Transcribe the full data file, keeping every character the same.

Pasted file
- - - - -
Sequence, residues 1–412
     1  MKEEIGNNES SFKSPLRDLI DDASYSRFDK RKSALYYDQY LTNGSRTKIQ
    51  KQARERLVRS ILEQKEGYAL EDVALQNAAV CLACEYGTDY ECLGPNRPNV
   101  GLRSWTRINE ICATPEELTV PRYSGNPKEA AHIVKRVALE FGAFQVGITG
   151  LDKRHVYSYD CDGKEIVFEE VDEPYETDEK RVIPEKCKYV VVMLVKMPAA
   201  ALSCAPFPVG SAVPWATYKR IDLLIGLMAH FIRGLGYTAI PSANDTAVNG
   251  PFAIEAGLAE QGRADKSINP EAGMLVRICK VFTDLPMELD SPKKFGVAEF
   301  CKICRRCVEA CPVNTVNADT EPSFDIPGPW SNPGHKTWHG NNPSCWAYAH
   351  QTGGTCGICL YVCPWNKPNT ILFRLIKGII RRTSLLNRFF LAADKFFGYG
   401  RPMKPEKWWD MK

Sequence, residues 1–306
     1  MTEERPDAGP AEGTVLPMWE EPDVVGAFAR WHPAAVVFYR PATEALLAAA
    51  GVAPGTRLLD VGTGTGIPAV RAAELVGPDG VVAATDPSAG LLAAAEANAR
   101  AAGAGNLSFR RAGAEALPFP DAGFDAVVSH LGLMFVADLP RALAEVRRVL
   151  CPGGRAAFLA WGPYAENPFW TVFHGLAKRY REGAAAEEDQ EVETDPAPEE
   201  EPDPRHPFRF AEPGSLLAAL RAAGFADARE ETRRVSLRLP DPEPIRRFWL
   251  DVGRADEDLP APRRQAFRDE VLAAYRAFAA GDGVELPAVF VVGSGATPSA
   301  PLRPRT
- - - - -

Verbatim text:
Sequence, residues 1–412
     1  MKEEIGNNES SFKSPLRDLI DDASYSRFDK RKSALYYDQY LTNGSRTKIQ
    51  KQARERLVRS ILEQKEGYAL EDVALQNAAV CLACEYGTDY ECLGPNRPNV
   101  GLRSWTRINE ICATPEELTV PRYSGNPKEA AHIVKRVALE FGAFQVGITG
   151  LDKRHVYSYD CDGKEIVFEE VDEPYETDEK RVIPEKCKYV VVMLVKMPAA
   201  ALSCAPFPVG SAVPWATYKR IDLLIGLMAH FIRGLGYTAI PSANDTAVNG
   251  PFAIEAGLAE QGRADKSINP EAGMLVRICK VFTDLPMELD SPKKFGVAEF
   301  CKICRRCVEA CPVNTVNADT EPSFDIPGPW SNPGHKTWHG NNPSCWAYAH
   351  QTGGTCGICL YVCPWNKPNT ILFRLIKGII RRTSLLNRFF LAADKFFGYG
   401  RPMKPEKWWD MK

Sequence, residues 1–306
     1  MTEERPDAGP AEGTVLPMWE EPDVVGAFAR WHPAAVVFYR PATEALLAAA
    51  GVAPGTRLLD VGTGTGIPAV RAAELVGPDG VVAATDPSAG LLAAAEANAR
   101  AAGAGNLSFR RAGAEALPFP DAGFDAVVSH LGLMFVADLP RALAEVRRVL
   151  CPGGRAAFLA WGPYAENPFW TVFHGLAKRY REGAAAEEDQ EVETDPAPEE
   201  EPDPRHPFRF AEPGSLLAAL RAAGFADARE ETRRVSLRLP DPEPIRRFWL
   251  DVGRADEDLP APRRQAFRDE VLAAYRAFAA GDGVELPAVF VVGSGATPSA
   301  PLRPRT